Jeremy Shapiro: Science deniers fail to appreciate complexities

of Case Western Reserve University

Currently, there are three important issues on which consensus has been reached in the scientific community, but not in the community at large: climate change, biological evolution and childhood vaccination. On all three, prominent members of the Trump administration, including the president, have lined up against the conclusions of research.

This widespread rejection of scientific findings presents a perplexing puzzle to those of us who value an evidence-based approach to knowledge and policy.
Many science deniers cite empirical evidence. The problem is they do so in invalid and misleading ways. Psychological research illuminates these ways. For the deniers, it seems there are no shades of gray

As a psychotherapist, I see a striking parallel between a type of thinking involved in many mental health disturbances and the reasoning behind the science denial phenomenon. As I explain in my book “Psychotherapeutic Diagrams,” dichotomous thinking, also called black-and-white and all-or-none thinking, is a factor in depression, anxiety, aggression and, especially, borderline personality disorder.

In this type of cognition, a spectrum of possibilities is divided into two parts, with a blurring of distinctions within them. Shades of gray are missed; everything is considered either black or white.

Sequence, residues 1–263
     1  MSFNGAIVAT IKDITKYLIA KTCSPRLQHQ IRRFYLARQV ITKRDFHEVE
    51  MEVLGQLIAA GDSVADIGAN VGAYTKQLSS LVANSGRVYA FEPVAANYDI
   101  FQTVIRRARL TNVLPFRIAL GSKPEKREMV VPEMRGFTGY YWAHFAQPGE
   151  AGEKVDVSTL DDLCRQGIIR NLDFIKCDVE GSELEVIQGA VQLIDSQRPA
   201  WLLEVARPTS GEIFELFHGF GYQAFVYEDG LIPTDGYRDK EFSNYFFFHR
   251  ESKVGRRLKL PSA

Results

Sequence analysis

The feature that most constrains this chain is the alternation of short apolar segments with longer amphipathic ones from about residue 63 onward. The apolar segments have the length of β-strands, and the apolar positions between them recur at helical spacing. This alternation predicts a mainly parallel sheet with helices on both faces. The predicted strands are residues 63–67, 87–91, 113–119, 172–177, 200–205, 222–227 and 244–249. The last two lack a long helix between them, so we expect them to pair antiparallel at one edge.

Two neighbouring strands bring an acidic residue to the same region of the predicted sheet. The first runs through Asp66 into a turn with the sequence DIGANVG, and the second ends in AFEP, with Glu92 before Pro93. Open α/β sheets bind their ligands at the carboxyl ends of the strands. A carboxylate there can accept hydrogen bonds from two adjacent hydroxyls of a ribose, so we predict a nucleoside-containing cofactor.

Dichotomous thinking is not inevitably wrong. But it is a poor tool for understanding complicated realities because these usually involve spectrums of possibilities, not binaries.

Spectrums are frequently split in very asymmetric ways, with one-half of the binary much larger than the other. For example, perfectionists categorize their work as either perfect or unsatisfactory; good and very good outcomes are lumped together with poor ones in the unsatisfactory category.

In borderline personality disorder, relationship partners are perceived as either all good or all bad, so one hurtful behavior switches the partner from the good to the bad category. It’s like a pass/fail grading system in which 100 percent correct earns a pass and everything else receives an fail.

In my observations, I see science deniers engage in dichotomous thinking about truth claims. In evaluating the evidence for a hypothesis or theory, they divide the spectrum of possibilities into two unequal parts: perfect certainty and inconclusive controversy.

Any bit of data that does not support a theory is misunderstood to mean that the formulation is fundamentally in doubt, regardless of the amount of supportive evidence.

Similarly, deniers perceive the spectrum of scientific agreement as divided into two unequal parts: perfect consensus and no consensus at all. Any departure from 100 percent agreement is categorized as a lack of agreement, which is misinterpreted as indicating fundamental controversy in the field.

There is no “proof” in science. In my view, deniers misapply the entire concept.

Proof exists in mathematics and logic, but not in science.